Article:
Lost New England Goes West: Stockton Street, San Francisco

Looking north on Stockton Street from California Street in San Francisco, around 1866. Image courtesy of the Library of Congress, Lawrence & Houseworth Collection.

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Stockton Street in 2015:

When the first photo was taken, most of the buildings in the scene were still fairly new. San Francisco did not see dramatic population growth until the 1849 gold rush, and most of this area was probably developed in the mid to late 1850s. However, everything here was destroyed in the fires after the 1906 earthquake, and in 1914 the street itself underwent some major changes when the Stockton Street Tunnel was built. This tunnel starts here directly underneath the foreground, and it carries traffic two and a half blocks through the hill, while the original street still goes up and over the hill. Today, Stockton Street is one of the two main streets in Chinatown, along with Grant Avenue, and this section in the distance of the photo is the neighborhood’s primary commercial center.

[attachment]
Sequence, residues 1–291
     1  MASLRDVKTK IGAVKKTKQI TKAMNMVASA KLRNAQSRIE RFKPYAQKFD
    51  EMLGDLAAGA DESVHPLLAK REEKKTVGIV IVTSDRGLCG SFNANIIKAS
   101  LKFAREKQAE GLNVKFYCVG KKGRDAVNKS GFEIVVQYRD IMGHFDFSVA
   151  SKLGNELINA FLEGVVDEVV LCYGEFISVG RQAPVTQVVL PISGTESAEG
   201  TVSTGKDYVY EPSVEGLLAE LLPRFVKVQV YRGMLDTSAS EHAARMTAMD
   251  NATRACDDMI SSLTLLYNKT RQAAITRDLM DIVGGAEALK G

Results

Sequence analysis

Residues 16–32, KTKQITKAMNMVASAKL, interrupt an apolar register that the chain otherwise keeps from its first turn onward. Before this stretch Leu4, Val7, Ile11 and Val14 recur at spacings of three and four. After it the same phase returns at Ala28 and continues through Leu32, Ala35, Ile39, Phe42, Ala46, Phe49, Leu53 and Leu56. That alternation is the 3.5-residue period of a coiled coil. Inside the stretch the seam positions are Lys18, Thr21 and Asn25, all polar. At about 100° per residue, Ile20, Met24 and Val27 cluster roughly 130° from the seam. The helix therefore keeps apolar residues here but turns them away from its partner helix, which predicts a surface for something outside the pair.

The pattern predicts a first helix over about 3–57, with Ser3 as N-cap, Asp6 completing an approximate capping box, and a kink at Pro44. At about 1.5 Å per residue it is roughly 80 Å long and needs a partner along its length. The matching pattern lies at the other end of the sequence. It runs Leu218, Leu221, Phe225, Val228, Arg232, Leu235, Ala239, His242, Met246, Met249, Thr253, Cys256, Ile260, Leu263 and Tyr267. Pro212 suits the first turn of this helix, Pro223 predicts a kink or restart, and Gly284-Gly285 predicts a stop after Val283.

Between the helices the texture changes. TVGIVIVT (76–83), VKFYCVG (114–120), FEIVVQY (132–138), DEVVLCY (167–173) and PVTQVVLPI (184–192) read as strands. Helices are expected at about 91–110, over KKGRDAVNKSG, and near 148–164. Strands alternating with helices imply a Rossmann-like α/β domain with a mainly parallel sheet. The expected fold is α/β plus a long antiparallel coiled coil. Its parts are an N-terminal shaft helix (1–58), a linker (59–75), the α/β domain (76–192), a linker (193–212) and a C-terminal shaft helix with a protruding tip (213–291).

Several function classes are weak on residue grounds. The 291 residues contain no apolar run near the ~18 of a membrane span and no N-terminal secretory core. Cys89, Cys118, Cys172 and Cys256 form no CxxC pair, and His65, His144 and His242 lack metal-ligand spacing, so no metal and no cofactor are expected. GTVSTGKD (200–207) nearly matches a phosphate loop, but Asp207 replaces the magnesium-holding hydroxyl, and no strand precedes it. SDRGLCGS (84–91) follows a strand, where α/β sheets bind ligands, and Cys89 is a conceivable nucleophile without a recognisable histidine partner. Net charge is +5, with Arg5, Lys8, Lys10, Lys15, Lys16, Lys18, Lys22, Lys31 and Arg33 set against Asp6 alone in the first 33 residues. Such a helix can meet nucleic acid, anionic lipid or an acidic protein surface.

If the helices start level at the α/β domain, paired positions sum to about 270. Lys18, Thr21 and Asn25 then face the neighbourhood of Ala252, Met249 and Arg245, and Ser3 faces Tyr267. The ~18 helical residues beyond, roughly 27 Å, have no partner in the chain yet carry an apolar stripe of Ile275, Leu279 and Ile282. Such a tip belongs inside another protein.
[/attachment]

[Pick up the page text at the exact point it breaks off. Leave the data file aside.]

This post is part of a series of photos that I took in California this past winter. Click here to see the other posts in the “Lost New England Goes West” series.

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